William (Bill) Kuszmaul is a graduate student at the Massachusetts Institute of Technology (MIT).
He earned his undergraduate degree at Stanford University, where he completed a double major in mathematics and computer science with honors.
William was first introduced to academic research at the age of fourteen, when he co-authored a paper in abstract algebra under the supervision of MIT Professor Pavel Etingof. Since then, William has authored and co-authored twelve papers in mathematics and computer science. His work has won numerous research awards, including the Goldwater Scholarship and the Intel Science Talent Search 3rd Place Award.
William’s research has largely focused on applying algorithmic ideas to problems in mathematics and computer science. At HP Labs, William developed and implemented new algorithmic techniques for concurrent Cuckoo Hashing. At the Duluth Mathematics REU, William discovered and implemented the first asymptotically fast algorithms for mathematicians to use in the study of permutation pattern avoidance. Working under Professor Moses Charikar at Stanford, William has found new algorithms for problems relating to edit distance and dynamic time warping distance. He has given talks on his work at the 2017 International Conference on Permutation Patterns, as an invited speaker at the 2016 American Mathematical Society Fall Central Sectional Meeting, at the 2016 Symposium on Parallelism in Algorithms and Architectures, and at the 2016 Joint Mathematics Meetings.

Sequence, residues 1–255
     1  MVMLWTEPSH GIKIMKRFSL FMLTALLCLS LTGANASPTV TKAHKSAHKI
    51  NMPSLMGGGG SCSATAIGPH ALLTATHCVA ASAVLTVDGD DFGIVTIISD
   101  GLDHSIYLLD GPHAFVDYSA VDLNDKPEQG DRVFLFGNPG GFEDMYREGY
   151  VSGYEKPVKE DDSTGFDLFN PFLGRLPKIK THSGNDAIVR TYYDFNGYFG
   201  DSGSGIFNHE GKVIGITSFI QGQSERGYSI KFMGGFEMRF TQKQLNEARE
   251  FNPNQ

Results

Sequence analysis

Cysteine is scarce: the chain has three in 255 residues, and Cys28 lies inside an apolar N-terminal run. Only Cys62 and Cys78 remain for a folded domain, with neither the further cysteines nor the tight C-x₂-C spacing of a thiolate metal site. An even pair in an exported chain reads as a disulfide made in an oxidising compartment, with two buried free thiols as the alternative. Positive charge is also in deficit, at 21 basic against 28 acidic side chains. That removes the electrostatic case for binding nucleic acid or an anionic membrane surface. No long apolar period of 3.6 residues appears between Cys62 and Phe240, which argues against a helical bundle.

In his free time, William enjoys teaching weekend classes on mathematics and computer science to high-school and middle-school students through Stanford Splash. William also mentors research projects for high-school students through MIT PRIMES.